In this week’s installment of â€œFrom the Academy,â€? Dr. Judith Hauptman, E. Billi Ivry Professor of Talmud and Rabbinic Culture at The Jewish Theological Seminary, tells us about her current research and a book that’s influenced her recent academic work.
I am working right now on a book (tentatively) entitled “Women in the Rabbinic Kitchen.” Why this somewhat oxymoronic title? Because of the mistaken conclusion many people draw.
Since the talmudic rabbis assigned men just about all public ritual roles — like leading synagogue prayer services, conducting the Passover seder, and blowing the shofar on Rosh Hashanah — many people think that women were not assigned a significant ritual role in Judaism. This is not so.
Careful analysis of rabbinic texts shows that just as men were expected to perform a series of rituals for the community, women were expected to perform a series of rituals for the family.
Men performed their rituals in public. Women performed theirs at home, which was not private but semi-public space. What does semi-public mean? That the home was open to many, that it often had a shop in the front, opening onto the street, and living quarters behind. That a stream of people passed through the home on a regular basis, not just clients of the head of household, but tailors, barbers, launderers, and the like.
So what rituals did the rabbis expect a woman to perform?
The well-known ones are separating a portion of the dough for the kohen when baking bread or matzah, preparing food in ritual purity, and lighting Shabbat lamps. But there are many more.
Some less well-known ones are: setting the eruv hazerot so that people, women in particular, could carry food and other items back and forth across a courtyard on the Sabbath; setting the eruv tavshilin so that people, again mainly women, could cook on a Friday Festival for the Sabbath; covering hot cooked food with insulating materials to keep it warm for the Sabbath.
Men could rely on women to perform these domestic rituals consistently and meticulously so that men, without ever stepping foot into the kitchen, could live their lives according to rabbinic law. The clincher is that to perform these kitchen-based rituals properly, a woman needed to know vast amounts of rabbinic law, including many paragraphs of mishnah and gemara.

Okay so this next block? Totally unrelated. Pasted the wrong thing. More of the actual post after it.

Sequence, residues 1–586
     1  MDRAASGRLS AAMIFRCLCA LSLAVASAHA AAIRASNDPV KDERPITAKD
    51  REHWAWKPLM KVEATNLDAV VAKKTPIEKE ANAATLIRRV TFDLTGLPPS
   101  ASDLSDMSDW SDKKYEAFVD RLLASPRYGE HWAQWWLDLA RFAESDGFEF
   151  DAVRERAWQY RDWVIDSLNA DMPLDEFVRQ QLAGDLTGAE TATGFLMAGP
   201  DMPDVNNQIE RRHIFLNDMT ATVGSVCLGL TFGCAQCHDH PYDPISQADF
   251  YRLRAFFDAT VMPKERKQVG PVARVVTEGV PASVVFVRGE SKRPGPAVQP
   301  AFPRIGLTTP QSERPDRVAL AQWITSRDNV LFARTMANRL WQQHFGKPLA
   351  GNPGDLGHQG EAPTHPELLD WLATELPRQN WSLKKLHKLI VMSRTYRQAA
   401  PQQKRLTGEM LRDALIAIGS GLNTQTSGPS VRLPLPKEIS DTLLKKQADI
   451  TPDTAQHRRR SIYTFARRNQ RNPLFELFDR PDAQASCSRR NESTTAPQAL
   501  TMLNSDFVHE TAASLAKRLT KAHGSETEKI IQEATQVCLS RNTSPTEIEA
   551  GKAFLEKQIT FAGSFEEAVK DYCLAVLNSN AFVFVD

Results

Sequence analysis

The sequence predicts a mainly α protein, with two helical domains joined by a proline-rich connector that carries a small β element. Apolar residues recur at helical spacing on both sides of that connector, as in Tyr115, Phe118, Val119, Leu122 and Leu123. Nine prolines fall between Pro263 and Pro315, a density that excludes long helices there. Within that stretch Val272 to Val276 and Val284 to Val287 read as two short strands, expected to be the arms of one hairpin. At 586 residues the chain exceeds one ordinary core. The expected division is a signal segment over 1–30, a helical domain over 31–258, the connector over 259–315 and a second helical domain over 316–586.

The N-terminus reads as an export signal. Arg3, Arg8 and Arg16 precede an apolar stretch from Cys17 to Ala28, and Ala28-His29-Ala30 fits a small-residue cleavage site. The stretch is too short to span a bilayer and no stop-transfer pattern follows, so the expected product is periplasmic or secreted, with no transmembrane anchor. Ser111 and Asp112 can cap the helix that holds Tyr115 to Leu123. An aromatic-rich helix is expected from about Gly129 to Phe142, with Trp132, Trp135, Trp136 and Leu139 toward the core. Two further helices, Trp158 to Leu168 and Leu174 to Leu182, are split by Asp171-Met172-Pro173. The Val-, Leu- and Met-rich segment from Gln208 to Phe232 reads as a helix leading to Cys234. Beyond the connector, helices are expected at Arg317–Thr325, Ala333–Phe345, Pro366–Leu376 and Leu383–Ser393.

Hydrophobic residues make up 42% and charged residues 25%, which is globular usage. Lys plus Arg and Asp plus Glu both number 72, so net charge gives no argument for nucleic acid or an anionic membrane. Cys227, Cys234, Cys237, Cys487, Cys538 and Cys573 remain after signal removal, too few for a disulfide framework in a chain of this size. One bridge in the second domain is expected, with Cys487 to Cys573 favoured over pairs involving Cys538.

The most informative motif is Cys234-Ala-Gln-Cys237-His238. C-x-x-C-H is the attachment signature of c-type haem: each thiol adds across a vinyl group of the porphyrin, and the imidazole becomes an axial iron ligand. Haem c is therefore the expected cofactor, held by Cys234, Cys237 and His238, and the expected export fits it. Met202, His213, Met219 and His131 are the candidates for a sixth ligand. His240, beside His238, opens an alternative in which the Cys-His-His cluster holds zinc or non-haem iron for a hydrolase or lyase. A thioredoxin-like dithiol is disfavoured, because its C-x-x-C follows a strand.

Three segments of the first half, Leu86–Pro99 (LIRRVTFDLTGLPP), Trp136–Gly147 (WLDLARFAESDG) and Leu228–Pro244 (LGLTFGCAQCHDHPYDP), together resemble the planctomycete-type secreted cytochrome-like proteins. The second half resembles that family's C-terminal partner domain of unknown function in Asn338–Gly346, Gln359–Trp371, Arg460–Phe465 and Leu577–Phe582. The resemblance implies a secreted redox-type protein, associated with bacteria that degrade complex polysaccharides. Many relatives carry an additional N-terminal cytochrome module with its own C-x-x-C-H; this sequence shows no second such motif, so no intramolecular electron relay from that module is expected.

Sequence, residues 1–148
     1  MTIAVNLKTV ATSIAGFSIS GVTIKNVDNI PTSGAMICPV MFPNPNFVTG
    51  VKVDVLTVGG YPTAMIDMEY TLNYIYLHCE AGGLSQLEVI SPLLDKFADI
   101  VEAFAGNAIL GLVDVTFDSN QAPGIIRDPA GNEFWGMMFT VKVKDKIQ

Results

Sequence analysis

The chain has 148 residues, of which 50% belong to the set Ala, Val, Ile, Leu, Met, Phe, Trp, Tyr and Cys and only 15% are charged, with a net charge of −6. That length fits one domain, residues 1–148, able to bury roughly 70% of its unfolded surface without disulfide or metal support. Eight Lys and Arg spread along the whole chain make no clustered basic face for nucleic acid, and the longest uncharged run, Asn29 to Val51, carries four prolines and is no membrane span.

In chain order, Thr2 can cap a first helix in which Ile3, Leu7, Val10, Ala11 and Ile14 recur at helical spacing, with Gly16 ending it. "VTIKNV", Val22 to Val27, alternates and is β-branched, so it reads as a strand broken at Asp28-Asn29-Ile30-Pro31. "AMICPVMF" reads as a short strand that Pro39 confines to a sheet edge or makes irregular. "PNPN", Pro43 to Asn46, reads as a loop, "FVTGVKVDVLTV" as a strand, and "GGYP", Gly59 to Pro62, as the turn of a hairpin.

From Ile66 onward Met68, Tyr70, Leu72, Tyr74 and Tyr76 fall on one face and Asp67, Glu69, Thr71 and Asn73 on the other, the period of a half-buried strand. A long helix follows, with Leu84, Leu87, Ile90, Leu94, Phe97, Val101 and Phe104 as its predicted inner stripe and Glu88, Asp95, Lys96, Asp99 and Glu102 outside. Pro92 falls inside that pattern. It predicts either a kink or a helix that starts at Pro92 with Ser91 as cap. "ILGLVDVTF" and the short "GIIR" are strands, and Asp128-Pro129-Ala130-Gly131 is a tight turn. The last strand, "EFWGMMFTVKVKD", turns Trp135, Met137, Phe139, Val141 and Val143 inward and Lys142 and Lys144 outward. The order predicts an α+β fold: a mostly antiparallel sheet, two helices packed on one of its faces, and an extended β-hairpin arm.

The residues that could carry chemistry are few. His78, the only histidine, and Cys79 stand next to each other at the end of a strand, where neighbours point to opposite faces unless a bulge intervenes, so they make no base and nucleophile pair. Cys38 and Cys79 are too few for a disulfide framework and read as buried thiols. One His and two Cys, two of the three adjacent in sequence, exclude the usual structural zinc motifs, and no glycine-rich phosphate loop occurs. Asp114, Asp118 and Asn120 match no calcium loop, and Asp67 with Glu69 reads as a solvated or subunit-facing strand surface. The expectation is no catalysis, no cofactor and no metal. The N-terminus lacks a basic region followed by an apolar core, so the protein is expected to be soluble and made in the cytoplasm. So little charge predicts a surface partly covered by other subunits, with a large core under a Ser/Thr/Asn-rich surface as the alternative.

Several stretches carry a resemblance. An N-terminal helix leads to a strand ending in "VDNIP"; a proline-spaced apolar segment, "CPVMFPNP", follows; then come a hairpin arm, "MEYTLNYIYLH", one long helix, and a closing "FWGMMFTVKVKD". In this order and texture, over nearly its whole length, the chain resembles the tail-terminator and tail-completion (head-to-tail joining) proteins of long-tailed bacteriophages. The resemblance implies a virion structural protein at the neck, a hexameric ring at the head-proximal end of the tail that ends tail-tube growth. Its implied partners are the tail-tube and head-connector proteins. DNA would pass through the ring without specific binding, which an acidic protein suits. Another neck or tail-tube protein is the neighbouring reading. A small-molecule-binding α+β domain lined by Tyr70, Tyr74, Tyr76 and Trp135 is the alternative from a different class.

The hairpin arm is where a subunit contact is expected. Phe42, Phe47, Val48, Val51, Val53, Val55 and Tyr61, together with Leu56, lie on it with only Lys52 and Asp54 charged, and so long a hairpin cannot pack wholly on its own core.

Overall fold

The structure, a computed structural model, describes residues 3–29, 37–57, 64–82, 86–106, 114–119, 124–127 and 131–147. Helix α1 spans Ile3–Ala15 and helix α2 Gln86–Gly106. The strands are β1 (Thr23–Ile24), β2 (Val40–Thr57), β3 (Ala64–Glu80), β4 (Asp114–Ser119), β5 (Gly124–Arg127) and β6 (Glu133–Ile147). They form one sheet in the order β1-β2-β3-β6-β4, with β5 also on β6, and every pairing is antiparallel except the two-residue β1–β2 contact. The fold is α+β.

Abundant anecdotes in the Talmud make it clear that men taught women what they needed to know, not in the study house, but at home, whenever a new law about kitchen ritual was passed.
What excites me about this project is that I am looking at lives and not just law. Until now I was interested in how the law treated women. But now I am trying to figure out how Jewish women actually lived their lives 1,800 years ago. Not that the texts will yield definitive answers to my many questions. But discovering that women baked matzah on their own, without male supervision, fascinates me.
As does the one text I have come across so far in which a daughter of a prominent rabbi is taught a new law by her father, presumably because she asked him a question and he answered her. She then tells it to her brother and he brings it to the bet midrash. The report in the Talmud credits her with transmitting the new rule from father to brother to rabbis. I love finding out that women back then had a life of the mind. (Talmud Yerushalmi, Besah 5:1, 62d)
A book that influenced my work is Celia E. Schultz’s volume, Womenâ€™s Religious Activity in the Roman Republic (Chapel Hill, 2006). She convincingly demonstrates that Roman women were more religiously active in the home than would appear to be the case from a standard reading of the literature. Her conclusions give me reason to think that mine are real, not exaggerated.